The Volunteer Literacy Program at Tacoma Community College’s Gig Harbor campus has provided literacy and basic skills education to local residents since 1989. The program offers one-on-one tutoring to students in basic skills and English as a second language (ESL). All instruction is provided by trained volunteer tutors. The tutor and student work together toward the student’s goals two to four hours per week.
Among the program’s activities, each Tuesday and Thursday from 10 a.m. to noon, GED classes are conducted at the Key Peninsula Fire Department’s station in Home. The students are serious. They work hard. They want to succeed and to attend the group’s graduation ceremony, complete with caps and gowns, on June 14, 6 p.m. to 7:30 p.m., at Evergreen Elementary.
Doris Harshman, TCC teacher who instructs at the Washington Corrections Center for Women in Purdy, also handles the program at the Home fire station. She said, “All of my present students at the fire station are from the Key Peninsula.”
Linda Creswell, TCC’s adult basic education coordinator, advised that the school is seeking volunteers. “We are looking for a tutor who is comfortable with basic math skills to go once a week, Tuesday or Thursday, from 10 a.m. to noon to the GED class at the Home fire station to help students with their math. This allows the teacher to focus on other students for that amount of time. There are only a few weeks left in the quarter and, perhaps, if someone comes forward to give this a try, they will like it enough to come back in the fall. We are always looking for tutors and students.”
Many students needing basic skills or ESL education cannot afford to pay for private tutoring. This program is the link they need to advance toward their personal, family and work-related goals. Student achievements include learning to read, helping with a child’s schoolwork, placing phone calls to doctors, reading prescriptions, getting a job, reading to a child, obtaining a library card and passing the GED test. Once students receive the help they need, they can also gain admission into regular classes at TCC by passing the college entrance test.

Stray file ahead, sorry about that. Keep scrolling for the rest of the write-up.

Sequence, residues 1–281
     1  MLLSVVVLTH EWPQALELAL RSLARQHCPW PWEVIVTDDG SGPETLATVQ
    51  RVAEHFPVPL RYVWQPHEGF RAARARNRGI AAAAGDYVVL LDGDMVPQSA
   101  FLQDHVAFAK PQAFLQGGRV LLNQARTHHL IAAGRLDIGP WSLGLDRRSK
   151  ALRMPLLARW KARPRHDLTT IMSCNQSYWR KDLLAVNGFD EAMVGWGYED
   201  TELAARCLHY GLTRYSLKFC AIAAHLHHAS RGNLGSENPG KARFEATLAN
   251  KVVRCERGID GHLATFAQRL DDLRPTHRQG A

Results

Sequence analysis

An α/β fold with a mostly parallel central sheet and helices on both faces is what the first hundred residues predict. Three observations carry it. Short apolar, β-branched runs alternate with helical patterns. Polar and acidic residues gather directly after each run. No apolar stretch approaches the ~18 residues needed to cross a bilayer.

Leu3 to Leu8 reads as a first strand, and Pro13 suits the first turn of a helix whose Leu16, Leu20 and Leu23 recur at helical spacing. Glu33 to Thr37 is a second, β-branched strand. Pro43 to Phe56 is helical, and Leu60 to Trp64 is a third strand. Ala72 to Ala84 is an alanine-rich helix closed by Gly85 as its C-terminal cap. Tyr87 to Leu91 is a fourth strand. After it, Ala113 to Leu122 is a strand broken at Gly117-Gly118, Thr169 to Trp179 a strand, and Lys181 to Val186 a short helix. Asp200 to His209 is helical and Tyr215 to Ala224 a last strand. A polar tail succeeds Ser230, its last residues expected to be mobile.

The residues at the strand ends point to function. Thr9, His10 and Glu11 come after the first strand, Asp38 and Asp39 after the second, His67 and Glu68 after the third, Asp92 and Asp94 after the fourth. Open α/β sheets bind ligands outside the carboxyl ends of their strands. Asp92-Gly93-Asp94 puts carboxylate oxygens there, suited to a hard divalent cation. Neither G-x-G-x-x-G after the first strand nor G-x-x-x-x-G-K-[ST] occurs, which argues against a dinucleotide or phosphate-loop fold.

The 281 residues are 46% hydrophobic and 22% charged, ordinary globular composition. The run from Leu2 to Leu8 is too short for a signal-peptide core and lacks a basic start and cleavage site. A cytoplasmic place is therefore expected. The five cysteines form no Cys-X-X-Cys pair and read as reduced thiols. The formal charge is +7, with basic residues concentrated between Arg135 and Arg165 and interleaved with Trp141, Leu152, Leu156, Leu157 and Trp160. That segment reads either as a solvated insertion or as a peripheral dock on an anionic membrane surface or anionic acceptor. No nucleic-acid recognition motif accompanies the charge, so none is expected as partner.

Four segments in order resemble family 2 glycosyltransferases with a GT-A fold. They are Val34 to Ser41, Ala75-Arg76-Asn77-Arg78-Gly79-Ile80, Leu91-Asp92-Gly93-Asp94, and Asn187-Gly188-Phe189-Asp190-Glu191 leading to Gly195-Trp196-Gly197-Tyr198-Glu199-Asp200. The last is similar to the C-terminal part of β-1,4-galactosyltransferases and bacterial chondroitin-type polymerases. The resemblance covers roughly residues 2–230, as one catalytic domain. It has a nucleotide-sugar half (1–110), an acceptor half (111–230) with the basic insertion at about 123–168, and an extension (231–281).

“I would recommend this class to anyone,” said Lorrie Moulton, who recently earned her GED certificate. She enrolled in the GED class in October 2006. In January, she successfully passed the five GED tests and enrolled at TCC to study automated accounting. A mother of three, Moulton is described by Harshman as “hard working and goal oriented.”
Moulton explained, “Receiving my GED certificate was a boost to my self-esteem and gave me a feeling of accomplishment. I am proud that I can put on a job application that I have completed my GED.”
Her next goal is to receive a college degree. She will be the first college graduate in her family. Because of her positive experience and the help she received in her GED class, she would like to be a volunteer tutor when she finishes her schooling. “This is my way of expressing my gratitude and giving back,” Moulton said.
Zach Seeley, another GED student, said, “I got into this class so I can get my GED and then get into an apprentice program and get a two-year diploma. It’s a great course and it’s fun. You actually learn things. So do it!”
More than 100 students per year are served by this program. Trained tutors volunteer their time and talents. The Gig Harbor Campus provides office space and administration. The TCC Foundation provides fundraising assistance. The cost of the five GED tests is free to anyone who attends the current class. To register, contact Linda Creswell at 851-2424.
“If we can successfully stimulate interest in the program, we will promote the fall class, get students appraised, pre-tested, and registered before the class actually begins, which will be on Sept. 25,” Creswell said. “There is no charge for the class or the testing and students can get a scholarship to pay the $75 GED testing fee when they are ready to take it.”